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I want to move all the files to a new dir. From the command line I can do "mv . newdir" but if I try with this script:

#!/bin/bash -f
mkdir newdir
mv *.* newdir

I get the following message:

mv: rename *.* to newdir/*.*: No such file or directory
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The first line of your script reads like:

#!/bin/bash -f

You are passing the -f switch to bash when the script is invoked. This causes the shell to disable file name expansion, which is also known as globbing or pattern matching. Remove that -f from the shebang line.

Also, you should note that to select all files in bash you use just "*", and not "*.*". The later would select only files with a dot in their names. This may also cause you to try to put the directory into itself, which is an invalid operation.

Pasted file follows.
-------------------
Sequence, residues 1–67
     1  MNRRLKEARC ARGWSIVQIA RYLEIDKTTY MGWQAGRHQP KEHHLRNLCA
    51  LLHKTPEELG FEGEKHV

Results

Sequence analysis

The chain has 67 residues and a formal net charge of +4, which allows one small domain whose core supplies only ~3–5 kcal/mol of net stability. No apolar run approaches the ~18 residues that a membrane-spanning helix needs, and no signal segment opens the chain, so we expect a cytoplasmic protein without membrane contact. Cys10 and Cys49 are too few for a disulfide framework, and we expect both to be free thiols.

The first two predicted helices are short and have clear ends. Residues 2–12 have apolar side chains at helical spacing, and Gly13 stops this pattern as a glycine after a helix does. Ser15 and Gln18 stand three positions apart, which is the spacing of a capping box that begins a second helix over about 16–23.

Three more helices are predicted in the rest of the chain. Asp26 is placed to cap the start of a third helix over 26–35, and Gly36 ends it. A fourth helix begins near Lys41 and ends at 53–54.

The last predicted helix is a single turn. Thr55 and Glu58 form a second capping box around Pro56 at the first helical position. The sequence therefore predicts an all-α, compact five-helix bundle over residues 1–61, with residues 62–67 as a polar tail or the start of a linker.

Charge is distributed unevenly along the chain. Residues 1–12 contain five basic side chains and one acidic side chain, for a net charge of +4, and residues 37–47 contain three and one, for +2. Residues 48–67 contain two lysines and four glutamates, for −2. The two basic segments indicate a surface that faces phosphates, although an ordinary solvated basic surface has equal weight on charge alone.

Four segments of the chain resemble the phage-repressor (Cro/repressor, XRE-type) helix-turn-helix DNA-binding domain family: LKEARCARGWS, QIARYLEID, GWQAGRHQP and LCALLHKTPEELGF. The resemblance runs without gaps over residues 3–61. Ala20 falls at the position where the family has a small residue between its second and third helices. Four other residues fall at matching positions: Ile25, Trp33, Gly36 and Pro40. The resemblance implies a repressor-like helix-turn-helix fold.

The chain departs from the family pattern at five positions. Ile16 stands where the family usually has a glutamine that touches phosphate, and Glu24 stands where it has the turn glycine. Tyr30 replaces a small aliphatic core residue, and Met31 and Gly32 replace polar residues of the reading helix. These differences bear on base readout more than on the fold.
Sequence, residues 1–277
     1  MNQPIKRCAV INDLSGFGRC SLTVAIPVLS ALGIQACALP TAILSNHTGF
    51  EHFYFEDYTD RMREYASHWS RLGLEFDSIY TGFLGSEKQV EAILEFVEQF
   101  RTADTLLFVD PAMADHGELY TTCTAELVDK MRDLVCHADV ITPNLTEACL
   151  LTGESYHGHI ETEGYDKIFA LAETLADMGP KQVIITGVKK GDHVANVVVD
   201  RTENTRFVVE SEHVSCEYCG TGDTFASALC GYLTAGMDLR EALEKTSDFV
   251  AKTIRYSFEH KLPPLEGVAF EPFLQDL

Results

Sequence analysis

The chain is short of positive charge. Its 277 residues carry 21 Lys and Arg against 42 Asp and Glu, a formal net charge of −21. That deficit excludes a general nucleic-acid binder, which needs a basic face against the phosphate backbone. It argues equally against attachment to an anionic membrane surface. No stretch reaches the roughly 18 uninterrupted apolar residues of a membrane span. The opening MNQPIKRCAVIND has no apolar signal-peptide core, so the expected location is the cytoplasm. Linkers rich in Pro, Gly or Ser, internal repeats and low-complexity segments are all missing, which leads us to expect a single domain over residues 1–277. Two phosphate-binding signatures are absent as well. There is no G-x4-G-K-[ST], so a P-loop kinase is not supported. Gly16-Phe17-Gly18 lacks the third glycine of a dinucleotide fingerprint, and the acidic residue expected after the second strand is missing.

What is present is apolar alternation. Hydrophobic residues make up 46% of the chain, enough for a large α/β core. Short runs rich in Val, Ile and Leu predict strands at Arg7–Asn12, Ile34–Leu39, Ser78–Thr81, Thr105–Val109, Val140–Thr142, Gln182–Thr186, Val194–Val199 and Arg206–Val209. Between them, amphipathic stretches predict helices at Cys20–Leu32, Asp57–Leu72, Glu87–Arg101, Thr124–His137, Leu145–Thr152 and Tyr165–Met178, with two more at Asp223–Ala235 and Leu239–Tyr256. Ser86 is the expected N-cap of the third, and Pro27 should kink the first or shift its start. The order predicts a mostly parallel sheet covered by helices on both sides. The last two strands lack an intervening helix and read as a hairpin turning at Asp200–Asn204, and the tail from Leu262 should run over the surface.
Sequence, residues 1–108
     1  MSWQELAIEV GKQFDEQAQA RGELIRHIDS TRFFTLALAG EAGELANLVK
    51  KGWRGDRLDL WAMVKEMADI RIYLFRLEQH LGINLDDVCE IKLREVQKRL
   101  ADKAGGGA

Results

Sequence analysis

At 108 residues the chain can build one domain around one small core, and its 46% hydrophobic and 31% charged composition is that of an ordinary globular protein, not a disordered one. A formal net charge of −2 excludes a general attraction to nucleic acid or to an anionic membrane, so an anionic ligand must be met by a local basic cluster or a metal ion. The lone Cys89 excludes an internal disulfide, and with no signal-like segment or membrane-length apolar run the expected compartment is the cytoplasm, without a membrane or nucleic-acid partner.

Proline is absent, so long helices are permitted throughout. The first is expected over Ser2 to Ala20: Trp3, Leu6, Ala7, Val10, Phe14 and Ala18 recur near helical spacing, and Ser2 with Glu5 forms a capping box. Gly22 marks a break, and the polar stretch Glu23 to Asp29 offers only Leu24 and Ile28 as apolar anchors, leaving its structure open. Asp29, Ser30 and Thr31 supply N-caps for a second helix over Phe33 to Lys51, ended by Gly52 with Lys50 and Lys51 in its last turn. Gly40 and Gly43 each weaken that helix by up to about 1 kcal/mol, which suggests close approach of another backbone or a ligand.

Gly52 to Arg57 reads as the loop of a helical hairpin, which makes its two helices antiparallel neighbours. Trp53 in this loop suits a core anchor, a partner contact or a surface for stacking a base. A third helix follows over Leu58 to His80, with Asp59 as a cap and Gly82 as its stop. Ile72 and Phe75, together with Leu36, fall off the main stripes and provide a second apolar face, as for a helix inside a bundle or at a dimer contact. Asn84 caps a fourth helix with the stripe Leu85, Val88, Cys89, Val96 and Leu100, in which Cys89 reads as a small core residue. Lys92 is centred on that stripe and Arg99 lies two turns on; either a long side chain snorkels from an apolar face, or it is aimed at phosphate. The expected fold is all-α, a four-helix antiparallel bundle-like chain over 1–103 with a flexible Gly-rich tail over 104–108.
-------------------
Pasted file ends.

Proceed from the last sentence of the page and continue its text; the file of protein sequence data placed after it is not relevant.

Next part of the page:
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If you want to move all files, try this:

mkdir newdir

find . -type f -exec mv "{}" newdir \;

share|improve this answer
why not safe?.. – Juliano May 28 '10 at 15:40
Because "mv . newdir" attempts to move your current directory into a subdirectory and makes no sense. – Amardeep AC9MF May 28 '10 at 15:45
May make no sense, it may be invalid, but it is not unsafe. You suggestion moves only files, leaving directories in the same place. So it has a very different meaning than what the poster is trying to do. – Juliano May 28 '10 at 15:51
I concede to your point about safety! I'm editing that out of my answer. – Amardeep AC9MF May 28 '10 at 15:58

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